Mass, Speed, Direction: John Buridan’s 14th century concept of momentum

  • Article
  • 3 pages
  • Level: high school and above

This is a short discussion of John Buridan, a scholar at the University of Paris, who developed the concept of momentum centuries prior to Isaac Newton. This article by Christopher Graney appeared in The Physics Teacher in 2013. Graney writes:

In the 14th century the French thinker John Buridan developed a theory of motion that bears a strong resemblance to Newtonian momentum. Buridan’s ideas include a quantity of motion which is determined by an object’s mass, speed, and direction; in the absence of resistive effects, this quantity remains with the object. Buridan’s work is an interesting story in the history of physics. Buridan’s insights have value for introducing concepts of inertia and momentum to physics students.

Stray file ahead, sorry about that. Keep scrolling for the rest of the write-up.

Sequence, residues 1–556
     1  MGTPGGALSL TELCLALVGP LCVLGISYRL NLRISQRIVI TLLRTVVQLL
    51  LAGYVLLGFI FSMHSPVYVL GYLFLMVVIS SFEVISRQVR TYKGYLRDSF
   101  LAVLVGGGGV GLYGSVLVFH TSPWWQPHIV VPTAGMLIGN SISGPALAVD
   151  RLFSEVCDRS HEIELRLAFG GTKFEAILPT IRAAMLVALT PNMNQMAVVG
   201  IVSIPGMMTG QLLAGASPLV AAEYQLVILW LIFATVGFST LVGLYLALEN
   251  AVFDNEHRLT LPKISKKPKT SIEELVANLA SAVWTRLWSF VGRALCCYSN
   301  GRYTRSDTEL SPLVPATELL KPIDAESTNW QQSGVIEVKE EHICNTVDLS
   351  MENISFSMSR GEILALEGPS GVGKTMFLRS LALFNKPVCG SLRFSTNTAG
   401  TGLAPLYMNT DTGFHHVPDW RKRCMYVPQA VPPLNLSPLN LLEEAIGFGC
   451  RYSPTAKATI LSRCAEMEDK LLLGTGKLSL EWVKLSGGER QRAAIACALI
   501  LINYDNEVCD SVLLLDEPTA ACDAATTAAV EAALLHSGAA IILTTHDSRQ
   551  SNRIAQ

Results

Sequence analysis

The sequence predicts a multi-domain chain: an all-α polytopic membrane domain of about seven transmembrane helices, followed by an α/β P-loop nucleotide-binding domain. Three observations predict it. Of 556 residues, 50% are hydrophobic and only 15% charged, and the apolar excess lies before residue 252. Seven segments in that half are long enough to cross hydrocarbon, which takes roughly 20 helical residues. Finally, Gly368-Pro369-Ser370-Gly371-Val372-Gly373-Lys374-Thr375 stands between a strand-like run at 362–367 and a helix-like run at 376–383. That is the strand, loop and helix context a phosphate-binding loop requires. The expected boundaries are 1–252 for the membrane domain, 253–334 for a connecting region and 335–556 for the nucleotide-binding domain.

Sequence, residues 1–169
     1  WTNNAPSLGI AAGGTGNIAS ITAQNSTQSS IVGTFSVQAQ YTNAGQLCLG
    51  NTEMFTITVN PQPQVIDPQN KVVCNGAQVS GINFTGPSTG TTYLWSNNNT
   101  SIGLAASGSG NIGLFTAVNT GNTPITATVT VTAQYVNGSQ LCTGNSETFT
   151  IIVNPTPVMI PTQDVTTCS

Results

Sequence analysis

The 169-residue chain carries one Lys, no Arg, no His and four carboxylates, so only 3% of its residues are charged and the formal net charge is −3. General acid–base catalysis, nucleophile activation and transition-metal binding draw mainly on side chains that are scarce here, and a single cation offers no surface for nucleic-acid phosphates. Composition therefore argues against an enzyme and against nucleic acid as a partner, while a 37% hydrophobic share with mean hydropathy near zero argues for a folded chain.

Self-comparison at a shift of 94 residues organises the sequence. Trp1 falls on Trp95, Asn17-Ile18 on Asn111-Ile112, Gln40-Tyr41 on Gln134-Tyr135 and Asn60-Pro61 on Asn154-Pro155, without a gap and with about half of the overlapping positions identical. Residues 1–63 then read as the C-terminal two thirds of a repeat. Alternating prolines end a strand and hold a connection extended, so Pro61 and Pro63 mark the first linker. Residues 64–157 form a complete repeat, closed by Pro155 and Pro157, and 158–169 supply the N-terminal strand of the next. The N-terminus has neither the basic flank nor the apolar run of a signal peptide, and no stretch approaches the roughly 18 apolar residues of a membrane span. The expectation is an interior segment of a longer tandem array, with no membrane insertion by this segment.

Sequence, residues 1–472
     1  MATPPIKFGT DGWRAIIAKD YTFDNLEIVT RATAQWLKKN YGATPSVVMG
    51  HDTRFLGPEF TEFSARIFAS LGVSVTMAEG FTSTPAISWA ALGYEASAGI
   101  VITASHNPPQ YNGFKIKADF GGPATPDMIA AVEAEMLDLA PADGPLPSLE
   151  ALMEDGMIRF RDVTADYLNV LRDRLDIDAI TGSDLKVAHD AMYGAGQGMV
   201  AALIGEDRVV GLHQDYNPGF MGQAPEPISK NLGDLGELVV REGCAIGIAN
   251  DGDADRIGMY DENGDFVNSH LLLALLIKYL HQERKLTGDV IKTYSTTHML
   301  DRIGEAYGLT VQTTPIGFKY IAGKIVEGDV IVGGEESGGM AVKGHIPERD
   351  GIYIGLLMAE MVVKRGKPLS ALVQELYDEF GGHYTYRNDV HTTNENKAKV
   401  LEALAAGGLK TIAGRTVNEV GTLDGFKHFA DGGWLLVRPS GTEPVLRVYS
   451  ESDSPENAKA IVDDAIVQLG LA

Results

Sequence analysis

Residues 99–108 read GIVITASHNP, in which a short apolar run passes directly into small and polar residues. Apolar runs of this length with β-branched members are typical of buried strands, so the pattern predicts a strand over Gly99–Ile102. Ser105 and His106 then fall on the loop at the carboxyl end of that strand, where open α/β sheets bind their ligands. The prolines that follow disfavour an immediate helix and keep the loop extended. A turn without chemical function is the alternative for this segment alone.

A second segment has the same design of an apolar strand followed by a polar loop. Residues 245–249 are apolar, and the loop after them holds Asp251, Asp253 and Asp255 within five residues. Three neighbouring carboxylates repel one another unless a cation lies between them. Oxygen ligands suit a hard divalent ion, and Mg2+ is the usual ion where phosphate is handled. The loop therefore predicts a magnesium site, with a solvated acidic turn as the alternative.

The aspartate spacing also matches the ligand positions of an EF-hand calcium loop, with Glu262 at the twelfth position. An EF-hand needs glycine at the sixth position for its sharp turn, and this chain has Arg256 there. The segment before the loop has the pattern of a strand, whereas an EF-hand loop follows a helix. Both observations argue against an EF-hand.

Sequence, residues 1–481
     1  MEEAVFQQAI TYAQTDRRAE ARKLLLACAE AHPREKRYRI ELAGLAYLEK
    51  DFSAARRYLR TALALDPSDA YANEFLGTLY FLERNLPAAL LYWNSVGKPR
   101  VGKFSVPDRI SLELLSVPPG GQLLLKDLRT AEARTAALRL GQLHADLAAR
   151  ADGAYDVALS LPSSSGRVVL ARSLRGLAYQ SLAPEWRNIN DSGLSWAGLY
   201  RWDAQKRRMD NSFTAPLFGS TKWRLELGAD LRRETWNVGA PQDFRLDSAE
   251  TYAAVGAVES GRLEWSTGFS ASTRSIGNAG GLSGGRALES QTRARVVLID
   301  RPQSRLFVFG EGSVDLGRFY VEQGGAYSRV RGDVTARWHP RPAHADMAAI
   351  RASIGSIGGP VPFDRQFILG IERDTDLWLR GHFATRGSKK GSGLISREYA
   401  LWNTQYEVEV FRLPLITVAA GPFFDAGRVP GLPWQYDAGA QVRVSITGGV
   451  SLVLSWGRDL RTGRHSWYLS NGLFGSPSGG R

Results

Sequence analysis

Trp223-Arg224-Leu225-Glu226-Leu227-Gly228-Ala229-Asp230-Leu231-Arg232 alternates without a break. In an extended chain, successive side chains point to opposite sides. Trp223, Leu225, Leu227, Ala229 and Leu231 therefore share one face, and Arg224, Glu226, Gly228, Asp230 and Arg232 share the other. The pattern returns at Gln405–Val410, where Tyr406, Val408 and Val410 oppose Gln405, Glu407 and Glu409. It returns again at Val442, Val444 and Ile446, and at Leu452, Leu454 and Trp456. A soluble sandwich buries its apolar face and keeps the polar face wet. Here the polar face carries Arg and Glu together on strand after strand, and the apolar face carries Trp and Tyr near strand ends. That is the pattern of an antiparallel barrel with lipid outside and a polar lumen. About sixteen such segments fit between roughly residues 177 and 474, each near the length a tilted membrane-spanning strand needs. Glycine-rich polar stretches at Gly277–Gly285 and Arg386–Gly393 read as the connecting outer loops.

Click here to access this article from The Physics Teacher.

Click here to access a free version of this article via ArXiv at Cornell University.

 

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